A postcard from Amsterdam as Europe reopens its borders

Borders between most EU states, closed for some months because of the Corona crisis, become more porous this morning. Travel is not yet enthusiastically encouraged, but holidaymakers who adhere to local Covid-19 restrictions may gently filter through. What will tentative first visitors find in Amsterdam?

The Netherlands is now in its second phase of lockdown ease. Restaurants and café terraces have re-opened. Schools are back. Museums and theatres are welcoming visitors, and shopping is no longer a nervous dash to stock up on essentials.

But Amsterdammers emerge blinking from lockdown to a different world from the one they shut their doors on three months ago. “It’s life as unusual,” a friend remarked.

Social-distancing regulations – in the Netherlands 1.5 metres – remain in force. Unlike in the UK, Dutch shops were allowed to remain open during lockdown, though many, especially those with an established online presence, chose to close. They

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How a Premier League matchday will actually play out

When the buses – and it will be more than one bus and possibly as many as three carrying a team – pull into the Premier League stadia 90 minutes before kick-off with the return of football it will be a very different experience for everyone involved.

The clubs have been talking to the coach companies they use to modify the vehicles so that social distancing is observed on board with medical staff carrying out temperature tests on the players before they disembark.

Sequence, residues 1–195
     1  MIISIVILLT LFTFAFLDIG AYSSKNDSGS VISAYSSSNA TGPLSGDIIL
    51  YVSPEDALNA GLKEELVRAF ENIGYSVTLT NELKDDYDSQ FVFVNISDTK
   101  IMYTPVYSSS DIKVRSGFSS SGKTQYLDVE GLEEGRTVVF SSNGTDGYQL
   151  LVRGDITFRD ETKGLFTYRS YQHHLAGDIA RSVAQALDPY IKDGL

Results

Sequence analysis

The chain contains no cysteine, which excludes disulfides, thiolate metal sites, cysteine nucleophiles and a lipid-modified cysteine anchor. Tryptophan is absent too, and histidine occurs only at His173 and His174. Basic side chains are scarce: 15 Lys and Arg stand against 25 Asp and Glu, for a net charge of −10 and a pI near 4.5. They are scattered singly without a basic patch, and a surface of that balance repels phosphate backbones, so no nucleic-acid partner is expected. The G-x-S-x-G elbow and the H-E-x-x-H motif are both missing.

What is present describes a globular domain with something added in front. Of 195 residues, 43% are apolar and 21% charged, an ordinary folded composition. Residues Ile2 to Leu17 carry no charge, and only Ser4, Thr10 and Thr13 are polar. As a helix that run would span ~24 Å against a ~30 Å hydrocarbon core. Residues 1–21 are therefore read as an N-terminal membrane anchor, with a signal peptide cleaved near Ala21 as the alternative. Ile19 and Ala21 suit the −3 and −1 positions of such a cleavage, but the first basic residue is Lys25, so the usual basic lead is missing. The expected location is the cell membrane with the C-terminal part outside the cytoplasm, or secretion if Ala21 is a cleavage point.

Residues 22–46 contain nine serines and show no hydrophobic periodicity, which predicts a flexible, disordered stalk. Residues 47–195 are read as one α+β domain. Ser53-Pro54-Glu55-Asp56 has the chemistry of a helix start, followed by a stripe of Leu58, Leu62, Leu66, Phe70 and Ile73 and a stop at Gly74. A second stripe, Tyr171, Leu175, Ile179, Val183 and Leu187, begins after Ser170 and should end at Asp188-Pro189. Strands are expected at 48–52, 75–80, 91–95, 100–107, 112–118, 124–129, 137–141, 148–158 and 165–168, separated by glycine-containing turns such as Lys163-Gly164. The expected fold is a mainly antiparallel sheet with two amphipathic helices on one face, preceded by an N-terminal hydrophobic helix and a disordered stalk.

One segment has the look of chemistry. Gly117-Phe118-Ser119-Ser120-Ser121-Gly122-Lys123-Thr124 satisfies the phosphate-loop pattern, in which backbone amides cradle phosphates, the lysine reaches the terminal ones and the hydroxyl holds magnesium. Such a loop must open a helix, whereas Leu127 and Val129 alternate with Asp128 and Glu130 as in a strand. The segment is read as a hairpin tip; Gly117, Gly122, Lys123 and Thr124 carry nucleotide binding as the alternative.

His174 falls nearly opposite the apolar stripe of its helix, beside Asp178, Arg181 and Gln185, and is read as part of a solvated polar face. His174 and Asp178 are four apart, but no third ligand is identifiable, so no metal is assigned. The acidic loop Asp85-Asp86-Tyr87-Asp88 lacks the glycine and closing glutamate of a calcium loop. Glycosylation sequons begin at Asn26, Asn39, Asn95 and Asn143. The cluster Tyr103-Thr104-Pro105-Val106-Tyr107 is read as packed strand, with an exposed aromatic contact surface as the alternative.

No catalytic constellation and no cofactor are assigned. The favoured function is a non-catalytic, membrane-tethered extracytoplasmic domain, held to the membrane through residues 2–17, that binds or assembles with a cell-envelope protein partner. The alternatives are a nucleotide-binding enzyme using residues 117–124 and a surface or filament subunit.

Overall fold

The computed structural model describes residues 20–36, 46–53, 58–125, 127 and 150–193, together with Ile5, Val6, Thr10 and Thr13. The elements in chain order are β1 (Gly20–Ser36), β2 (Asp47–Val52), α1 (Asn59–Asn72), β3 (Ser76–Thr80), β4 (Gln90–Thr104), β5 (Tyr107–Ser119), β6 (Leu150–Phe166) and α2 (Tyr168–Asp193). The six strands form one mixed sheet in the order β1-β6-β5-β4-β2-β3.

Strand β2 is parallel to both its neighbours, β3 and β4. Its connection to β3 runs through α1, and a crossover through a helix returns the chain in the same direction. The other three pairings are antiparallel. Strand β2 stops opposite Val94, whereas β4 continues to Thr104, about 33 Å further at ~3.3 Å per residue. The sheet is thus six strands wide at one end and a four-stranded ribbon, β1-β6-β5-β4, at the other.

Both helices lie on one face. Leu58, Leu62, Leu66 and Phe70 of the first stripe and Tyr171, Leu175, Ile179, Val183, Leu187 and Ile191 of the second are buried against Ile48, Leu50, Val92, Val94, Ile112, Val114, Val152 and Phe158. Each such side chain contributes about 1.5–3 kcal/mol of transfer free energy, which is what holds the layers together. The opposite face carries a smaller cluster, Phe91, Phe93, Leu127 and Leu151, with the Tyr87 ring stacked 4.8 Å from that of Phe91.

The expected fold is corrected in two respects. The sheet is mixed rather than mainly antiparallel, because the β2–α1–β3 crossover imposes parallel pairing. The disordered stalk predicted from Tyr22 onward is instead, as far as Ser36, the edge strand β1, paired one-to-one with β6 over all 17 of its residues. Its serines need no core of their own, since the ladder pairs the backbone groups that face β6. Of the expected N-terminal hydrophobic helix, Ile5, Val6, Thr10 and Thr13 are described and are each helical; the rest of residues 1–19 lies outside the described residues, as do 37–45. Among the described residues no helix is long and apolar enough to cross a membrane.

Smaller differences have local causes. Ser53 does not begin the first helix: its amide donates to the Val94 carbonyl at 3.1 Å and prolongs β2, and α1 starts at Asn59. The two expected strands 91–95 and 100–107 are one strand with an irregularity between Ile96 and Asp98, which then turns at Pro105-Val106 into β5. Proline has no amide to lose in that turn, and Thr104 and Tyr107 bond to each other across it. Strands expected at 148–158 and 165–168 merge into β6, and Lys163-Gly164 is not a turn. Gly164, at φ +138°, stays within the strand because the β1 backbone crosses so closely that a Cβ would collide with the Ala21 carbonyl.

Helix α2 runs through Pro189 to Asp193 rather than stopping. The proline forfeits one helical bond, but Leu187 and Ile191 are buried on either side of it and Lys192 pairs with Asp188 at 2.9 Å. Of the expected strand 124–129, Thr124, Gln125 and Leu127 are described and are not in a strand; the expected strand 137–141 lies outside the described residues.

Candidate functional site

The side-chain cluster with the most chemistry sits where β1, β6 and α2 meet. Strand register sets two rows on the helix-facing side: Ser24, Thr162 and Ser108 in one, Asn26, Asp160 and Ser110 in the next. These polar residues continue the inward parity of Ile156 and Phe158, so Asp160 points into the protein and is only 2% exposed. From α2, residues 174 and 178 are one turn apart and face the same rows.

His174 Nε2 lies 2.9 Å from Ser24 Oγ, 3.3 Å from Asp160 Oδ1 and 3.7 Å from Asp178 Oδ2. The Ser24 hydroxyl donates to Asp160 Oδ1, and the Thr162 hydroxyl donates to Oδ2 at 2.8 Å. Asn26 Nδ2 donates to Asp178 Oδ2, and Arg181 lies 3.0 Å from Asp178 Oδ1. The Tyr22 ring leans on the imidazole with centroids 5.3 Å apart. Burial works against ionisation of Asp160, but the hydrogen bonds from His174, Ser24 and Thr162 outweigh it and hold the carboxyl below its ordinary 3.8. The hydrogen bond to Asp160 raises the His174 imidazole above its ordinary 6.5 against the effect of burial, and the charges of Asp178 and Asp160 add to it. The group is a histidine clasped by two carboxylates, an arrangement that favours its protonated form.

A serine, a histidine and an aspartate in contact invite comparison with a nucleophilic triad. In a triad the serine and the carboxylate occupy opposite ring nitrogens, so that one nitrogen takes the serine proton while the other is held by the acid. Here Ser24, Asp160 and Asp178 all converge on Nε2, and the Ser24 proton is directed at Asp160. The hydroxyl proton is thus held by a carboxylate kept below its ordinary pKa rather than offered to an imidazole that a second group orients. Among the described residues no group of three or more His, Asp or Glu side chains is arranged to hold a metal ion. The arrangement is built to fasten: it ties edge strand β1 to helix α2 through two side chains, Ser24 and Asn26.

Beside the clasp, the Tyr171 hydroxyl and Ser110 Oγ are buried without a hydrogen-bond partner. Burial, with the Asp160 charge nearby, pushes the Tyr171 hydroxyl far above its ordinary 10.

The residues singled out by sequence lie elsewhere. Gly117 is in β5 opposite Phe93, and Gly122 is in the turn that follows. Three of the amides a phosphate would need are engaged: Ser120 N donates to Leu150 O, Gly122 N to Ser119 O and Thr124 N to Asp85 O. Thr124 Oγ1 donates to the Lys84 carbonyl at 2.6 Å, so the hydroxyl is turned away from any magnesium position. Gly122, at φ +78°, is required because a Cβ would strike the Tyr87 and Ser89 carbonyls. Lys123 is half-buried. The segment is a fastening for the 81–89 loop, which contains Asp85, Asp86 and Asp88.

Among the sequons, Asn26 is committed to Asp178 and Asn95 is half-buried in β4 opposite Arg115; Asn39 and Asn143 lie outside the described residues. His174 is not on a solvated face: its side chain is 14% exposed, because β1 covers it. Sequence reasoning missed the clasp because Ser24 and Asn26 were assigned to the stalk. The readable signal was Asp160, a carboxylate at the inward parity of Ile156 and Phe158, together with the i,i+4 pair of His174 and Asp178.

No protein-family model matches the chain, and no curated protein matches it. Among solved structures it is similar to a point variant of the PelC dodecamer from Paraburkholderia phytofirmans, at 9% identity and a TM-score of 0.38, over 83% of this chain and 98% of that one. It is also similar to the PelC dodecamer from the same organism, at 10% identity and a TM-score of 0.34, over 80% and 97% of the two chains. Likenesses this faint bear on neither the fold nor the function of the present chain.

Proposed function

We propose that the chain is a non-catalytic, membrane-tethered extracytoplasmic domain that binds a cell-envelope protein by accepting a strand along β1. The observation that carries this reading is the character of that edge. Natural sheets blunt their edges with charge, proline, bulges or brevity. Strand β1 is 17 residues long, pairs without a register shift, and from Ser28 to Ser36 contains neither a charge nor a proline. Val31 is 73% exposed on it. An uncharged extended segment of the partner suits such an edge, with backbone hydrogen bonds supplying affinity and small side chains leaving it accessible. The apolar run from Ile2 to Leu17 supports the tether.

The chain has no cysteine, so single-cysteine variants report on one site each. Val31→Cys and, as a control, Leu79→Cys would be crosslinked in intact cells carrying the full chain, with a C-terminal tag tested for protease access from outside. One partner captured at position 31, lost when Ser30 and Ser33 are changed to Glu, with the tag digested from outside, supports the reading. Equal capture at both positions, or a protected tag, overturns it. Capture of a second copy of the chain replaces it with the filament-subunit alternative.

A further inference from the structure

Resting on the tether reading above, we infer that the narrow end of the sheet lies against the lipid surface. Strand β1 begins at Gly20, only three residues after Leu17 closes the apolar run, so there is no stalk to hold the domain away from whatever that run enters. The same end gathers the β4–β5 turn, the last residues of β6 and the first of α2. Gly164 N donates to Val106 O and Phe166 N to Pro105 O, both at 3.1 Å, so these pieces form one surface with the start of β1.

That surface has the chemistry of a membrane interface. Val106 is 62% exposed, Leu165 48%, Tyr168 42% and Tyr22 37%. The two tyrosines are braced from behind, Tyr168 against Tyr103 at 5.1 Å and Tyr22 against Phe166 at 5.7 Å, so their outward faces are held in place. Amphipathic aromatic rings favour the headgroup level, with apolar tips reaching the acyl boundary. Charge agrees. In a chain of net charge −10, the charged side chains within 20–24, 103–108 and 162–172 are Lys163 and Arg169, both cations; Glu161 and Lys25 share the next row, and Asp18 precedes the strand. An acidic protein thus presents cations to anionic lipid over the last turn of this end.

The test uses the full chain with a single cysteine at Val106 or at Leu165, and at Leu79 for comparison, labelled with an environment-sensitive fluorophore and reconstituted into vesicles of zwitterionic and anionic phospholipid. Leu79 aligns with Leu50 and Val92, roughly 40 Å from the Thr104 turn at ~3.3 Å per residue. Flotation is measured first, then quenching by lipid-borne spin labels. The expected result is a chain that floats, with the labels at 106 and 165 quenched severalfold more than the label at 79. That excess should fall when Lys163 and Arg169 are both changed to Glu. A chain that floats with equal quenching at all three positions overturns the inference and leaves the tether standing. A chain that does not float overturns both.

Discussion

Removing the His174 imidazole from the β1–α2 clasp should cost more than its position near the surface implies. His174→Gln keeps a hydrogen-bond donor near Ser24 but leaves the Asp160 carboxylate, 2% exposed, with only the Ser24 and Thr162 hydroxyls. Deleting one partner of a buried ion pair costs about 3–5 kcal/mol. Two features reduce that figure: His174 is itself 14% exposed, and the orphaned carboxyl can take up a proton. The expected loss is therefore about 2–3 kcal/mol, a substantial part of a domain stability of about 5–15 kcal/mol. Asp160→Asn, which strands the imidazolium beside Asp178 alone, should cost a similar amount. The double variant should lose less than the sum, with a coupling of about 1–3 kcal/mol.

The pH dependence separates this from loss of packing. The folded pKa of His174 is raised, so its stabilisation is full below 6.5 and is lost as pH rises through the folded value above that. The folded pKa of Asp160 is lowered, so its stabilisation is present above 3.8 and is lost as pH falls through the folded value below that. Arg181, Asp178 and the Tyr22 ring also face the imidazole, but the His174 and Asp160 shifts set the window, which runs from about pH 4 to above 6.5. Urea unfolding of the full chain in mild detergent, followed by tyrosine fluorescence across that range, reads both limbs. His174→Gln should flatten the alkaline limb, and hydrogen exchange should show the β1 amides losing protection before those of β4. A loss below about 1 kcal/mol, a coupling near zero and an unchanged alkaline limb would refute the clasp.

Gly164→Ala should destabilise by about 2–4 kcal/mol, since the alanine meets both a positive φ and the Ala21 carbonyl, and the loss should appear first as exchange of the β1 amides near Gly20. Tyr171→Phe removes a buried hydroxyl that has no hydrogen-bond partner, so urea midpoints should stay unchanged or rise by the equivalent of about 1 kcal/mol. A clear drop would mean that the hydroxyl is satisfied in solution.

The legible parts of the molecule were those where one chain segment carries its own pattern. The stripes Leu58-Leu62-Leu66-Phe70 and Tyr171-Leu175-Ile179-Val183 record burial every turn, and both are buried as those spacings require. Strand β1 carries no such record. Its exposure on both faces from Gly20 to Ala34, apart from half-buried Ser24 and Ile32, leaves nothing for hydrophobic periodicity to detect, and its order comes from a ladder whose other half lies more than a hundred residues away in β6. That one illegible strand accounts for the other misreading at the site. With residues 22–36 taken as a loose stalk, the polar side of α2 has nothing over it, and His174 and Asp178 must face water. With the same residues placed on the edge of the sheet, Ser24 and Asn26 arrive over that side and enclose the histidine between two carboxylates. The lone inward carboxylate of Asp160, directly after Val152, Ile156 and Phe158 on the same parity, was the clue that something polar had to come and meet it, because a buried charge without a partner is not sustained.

Their journey to this point will also have been altered with clubs encouraged to fly on the day of games, rather than travel down the day before and stay in hotels. They have also been discouraged from using trains with larger aircraft being chartered to, again, help comply with social distancing requirements.

The Premier League will allow hotel stays, though, with a team of eight compliance officers

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Public health experts ranked 36 American activities based on risk

As more and more states begin phases of reopening, many Americans are now wondering what is safe to do and what should still be avoided to prevent the spread of coronavirus.

“There’s a huge amount of variation from business to business, from area to area, in how much transmission risk there is for resuming economic activity,” Dr. Katherine Baicker, of the University of Chicago Harris School of Public Policy, told Yahoo Finance’s The Ticker.

An analysis by MLive chose 36 American activities and asked four public health experts to weigh in on the risk of coronavirus exposure for each activity. The experts factored in whether the activity is inside or outside, proximity to others, how long you’d be exposed, the likelihood of compliance, and your personal risk level. 

Bars and large music concerts are the riskiest settings right now. (Graphic: David Foster/Yahoo Finance)

With 1 being the least risky

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Rhode Island hotel owners frustrated with lack of guidance regarding out-of-state visitors during coronavirus

NEWPORT, R.I. — Hotel owners and operators say they need a target date from state officials so they can begin booking out-of-state guests who won’t face a 14-day quarantine upon arrival, reports the Providence Journal, which is a part of the USA TODAY Network.